What is your outlook?
Kurt Andersen, host of Studio 360 on NPR, is a journalist and the author of the novels Hey Day, Turn of the Century, The Real Thing, and his latest non-fiction book Fantasyland: How America Went Haywire: A 500-Year History. He has written and produced prime-time network television programs and pilots for NBC and ABC, and co-authored Loose Lips, an off-Broadway theatrical revue that had long runs in New York and Los Angeles. He is a regular columnist for New York Magazine, and contributes frequently to Vanity Fair. He is also a founder of Very Short List.
Andersen began his career in journalism at NBC's Today program and at Time, where he was an award-winning writer on politics and criminal justice and for eight years the magazine's architecture and design critic. Returning to Time in 1993 as editor-at-large, he wrote a weekly column on culture. And from 1996 through 1999 he was a staff writer and columnist for The New Yorker. He was a co-founder of Inside.com, editorial director of Colors magazine, and editor-in-chief of both New York and Spy magazines, the latter of which he also co-founded.
From 2004 through 2008 he wrote a column called "The Imperial City" for New York (one of which is included in The Best American Magazine Writing 2008). In 2008 Forbes. com named him one of The 25 Most Influential Liberals in the U.S. Media. Anderson graduated magna cum laude from Harvard College, and is a member of the boards of trustees of the Cooper-Hewitt National Design Museum, the Pratt Institute, and is currently Visionary in Residence at Art Center College of Design in Pasadena. He lives with his family in New York City.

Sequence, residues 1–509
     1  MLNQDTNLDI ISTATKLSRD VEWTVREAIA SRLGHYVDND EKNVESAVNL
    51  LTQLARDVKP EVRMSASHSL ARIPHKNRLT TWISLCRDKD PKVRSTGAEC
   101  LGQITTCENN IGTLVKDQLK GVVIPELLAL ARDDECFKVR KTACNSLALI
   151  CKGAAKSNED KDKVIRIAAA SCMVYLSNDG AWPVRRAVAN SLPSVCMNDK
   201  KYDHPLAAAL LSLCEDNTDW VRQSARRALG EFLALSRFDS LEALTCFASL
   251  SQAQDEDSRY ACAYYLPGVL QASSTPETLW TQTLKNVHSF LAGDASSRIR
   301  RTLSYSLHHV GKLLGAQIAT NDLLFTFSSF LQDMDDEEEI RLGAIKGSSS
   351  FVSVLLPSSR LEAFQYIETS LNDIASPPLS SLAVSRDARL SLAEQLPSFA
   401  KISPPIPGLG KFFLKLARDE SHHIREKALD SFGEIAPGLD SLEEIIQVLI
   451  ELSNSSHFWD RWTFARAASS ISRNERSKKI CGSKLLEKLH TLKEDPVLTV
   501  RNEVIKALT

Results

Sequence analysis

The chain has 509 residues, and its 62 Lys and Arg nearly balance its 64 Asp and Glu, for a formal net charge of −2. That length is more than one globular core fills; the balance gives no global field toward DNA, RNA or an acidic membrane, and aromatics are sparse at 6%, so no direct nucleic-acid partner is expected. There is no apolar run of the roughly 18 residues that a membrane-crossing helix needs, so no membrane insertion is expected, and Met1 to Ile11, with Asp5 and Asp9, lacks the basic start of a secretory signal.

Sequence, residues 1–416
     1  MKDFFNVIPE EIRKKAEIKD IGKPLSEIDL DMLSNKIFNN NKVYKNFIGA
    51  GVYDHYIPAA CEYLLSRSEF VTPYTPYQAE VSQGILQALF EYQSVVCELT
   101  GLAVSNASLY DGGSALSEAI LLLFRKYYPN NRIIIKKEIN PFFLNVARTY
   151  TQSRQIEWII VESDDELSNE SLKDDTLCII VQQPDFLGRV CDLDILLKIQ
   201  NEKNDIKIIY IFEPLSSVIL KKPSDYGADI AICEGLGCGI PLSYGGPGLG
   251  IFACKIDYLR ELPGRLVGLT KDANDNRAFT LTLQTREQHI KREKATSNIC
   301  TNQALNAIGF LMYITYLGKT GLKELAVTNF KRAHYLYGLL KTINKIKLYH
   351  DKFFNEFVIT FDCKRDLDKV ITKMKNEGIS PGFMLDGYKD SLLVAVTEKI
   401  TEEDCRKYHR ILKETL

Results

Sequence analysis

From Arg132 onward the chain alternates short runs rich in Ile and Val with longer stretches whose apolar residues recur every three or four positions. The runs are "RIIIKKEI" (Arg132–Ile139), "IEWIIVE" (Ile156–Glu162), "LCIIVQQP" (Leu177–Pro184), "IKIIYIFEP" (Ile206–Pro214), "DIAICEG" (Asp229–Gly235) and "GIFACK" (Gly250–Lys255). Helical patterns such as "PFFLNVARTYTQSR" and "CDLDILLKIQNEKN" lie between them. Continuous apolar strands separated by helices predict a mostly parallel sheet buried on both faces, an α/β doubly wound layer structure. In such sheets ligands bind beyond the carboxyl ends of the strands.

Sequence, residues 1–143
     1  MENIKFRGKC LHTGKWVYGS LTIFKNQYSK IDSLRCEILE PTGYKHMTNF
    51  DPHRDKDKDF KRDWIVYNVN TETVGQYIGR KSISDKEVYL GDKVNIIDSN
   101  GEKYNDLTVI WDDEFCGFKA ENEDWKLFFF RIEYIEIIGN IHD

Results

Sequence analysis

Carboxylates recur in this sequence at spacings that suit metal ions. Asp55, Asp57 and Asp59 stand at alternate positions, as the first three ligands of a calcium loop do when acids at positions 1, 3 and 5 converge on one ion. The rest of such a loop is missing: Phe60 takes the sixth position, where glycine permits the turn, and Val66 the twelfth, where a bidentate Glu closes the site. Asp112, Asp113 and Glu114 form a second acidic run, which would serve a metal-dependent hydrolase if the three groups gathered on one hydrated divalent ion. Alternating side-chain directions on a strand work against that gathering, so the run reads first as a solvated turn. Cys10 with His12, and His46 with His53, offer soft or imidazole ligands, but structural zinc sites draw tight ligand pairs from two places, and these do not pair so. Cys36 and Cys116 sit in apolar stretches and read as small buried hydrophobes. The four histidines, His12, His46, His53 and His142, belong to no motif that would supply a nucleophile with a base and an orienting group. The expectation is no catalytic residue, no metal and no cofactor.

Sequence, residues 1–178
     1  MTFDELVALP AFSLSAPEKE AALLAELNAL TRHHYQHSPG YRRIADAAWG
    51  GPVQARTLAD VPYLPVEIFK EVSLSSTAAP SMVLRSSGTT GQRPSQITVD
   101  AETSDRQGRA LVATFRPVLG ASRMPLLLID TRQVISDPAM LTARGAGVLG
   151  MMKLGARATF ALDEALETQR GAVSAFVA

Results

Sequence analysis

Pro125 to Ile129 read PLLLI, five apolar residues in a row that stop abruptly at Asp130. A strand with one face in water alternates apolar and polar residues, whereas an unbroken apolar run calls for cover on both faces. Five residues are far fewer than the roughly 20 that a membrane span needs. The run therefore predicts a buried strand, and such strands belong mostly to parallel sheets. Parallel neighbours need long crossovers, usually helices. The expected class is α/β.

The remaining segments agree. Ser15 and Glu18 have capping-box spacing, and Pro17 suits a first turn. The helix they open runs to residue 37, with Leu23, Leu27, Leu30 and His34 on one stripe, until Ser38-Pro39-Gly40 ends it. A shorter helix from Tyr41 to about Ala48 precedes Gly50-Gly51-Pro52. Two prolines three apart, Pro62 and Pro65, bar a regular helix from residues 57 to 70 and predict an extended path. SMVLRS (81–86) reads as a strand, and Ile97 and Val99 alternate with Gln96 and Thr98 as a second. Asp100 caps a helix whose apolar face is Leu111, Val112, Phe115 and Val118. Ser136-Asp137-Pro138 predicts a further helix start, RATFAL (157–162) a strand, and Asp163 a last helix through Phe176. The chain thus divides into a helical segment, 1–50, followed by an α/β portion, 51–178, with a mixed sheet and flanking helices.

Kurt Andersen: It depends on the day how optimistic or pessimistic I am. I never find myself being erratically pessimistic or erratically optimistic. I find myself going up to 55%, 56% one way or the other. So my needle stays pretty close to the glass is both half full and half empty all the time. That can be affected by how many people were blown up in Baghdad today or any number of things.
But I think, and certainly in the near term, there’s not much cause for optimism. Having just written a book set 150 years ago which inclined me toward the long view, when I take the long view I can at least kind of grapple towards some more hopeful version of the next 100 years.
I think this age will be remembered as a time of, historically, at least as far as the United States is concerned, as a time of tremendous confusion and squandered opportunity in the now 15 years after the end of the Cold War. Roaring 20s time of a kind of acceptance. A kind of bland acceptance of pretty grotesque examples of economic inequality. So is that cheery enough for you?
Recorded On: July 5, 2007
There's not much cause for optimism, Andersen says.
Here's the science of black holes, from supermassive monsters to ones the size of ping-pong balls.
- There's more than one way to make a black hole, says NASA's Michelle Thaller. They're not always formed from dead stars. For example, there are teeny tiny black holes all around us, the result of high-energy cosmic rays slamming into our atmosphere with enough force to cram matter together so densely that no light can escape.
- CERN is trying to create artificial black holes right now, but don't worry, it's not dangerous. Scientists there are attempting to smash two particles together with such intensity that it creates a black hole that would live for just a millionth of a second.
- Thaller uses a brilliant analogy involving a rubber sheet, a marble, and an elephant to explain why different black holes have varying densities. Watch and learn!
- Bonus fact: If the Earth became a black hole, it would be crushed to the size of a ping-pong ball.
Protected animals are feared to be headed for the black market.
In a breakthrough for nuclear fusion research, scientists at China's Experimental Advanced Superconducting Tokamak (EAST) reactor have produced temperatures necessary for nuclear fusion on Earth.
- The EAST reactor was able to heat hydrogen to temperatures exceeding 100 million degrees Celsius.
- Nuclear fusion could someday provide the planet with a virtually limitless supply of clean energy.
- Still, scientists have many other obstacles to pass before fusion technology becomes a viable energy source.
SMARTER FASTER trademarks owned by The Big Think, Inc. All rights reserved.